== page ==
24-Feb-2018 -- The northeastern coast of New Zealand’s South Island has undergone significant changes in recent years. One man-made change is that many former sheep and dairy farms have been converted to more profitable wineries (growing primarily white-wine varieties). This Degree Confluence Point is an example of this. Sometime between July 2005 and March 2009 (visits 2 and 3) this point was converted from a sheep or dairy farm to a vineyard (“Sleeper Vineyard”).
Other changes have been caused by Mother Nature. In November 2016, a magnitude 7.8 earthquake struck the area. During the quake, the Kekerengu Fault - which passes very near the point - shifted up to 10 meters! This means that the ‘all zeros’ photo that was captured during the previous visit (in August 2010) might not occur at the same point now.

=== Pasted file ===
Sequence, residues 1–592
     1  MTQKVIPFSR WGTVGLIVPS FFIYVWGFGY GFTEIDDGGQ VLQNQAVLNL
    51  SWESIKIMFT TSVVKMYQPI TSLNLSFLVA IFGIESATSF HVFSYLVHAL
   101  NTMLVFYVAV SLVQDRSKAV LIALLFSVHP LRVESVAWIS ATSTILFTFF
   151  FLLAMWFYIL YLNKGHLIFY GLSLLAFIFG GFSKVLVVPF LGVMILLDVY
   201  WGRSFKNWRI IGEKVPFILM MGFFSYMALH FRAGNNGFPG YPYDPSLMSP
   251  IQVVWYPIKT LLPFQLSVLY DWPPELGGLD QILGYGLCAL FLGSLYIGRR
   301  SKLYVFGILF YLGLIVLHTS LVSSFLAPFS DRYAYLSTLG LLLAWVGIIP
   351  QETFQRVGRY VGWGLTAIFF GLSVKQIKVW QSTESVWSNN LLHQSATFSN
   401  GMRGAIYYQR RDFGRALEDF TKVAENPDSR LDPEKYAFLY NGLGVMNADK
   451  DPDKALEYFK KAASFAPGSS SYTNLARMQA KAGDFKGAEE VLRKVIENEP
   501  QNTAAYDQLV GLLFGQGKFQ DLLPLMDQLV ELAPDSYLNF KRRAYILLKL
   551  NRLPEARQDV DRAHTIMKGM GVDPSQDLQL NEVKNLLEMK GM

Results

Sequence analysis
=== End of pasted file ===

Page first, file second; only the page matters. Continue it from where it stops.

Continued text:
A more practical consequence of the earthquake was that State Highway 1 - the main coast road in this area - was closed for more than a year. It reopened two months ago, but then closed again a few days ago due to another Act of Nature: the remnants of passing Tropical Cyclone Gita, which caused torrential rainfall, closing the road once again. Because of this, I could not reach this point by driving north from Christchurch (my original plan), but instead was forced to approach it from the north, from Blenheim.
I turned off State Highway 1 onto Kekerengu Road, about 1 km from the point. This road passes about 100 m from the point. The point itself lies within the vineyard, between two of the several rows of immaculately-planted grapevines, running roughly south-to-north.